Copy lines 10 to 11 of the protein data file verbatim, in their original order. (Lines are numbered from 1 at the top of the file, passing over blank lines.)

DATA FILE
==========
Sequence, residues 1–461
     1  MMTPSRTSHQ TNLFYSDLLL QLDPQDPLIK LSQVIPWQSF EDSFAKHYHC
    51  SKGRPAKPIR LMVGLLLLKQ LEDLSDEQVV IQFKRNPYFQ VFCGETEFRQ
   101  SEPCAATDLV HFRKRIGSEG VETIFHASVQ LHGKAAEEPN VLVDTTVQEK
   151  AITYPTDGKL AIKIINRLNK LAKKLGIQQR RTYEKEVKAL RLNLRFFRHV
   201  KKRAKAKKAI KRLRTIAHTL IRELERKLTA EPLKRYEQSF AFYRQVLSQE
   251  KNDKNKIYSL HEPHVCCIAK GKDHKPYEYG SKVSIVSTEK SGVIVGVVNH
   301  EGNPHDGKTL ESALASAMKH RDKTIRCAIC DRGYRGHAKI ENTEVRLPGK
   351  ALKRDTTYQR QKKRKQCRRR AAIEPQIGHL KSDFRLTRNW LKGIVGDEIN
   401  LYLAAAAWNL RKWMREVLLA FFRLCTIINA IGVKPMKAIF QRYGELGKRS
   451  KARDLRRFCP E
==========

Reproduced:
   401  LYLAAAAWNL RKWMREVLLA FFRLCTIINA IGVKPMKAIF QRYGELGKRS
   451  KARDLRRFCP E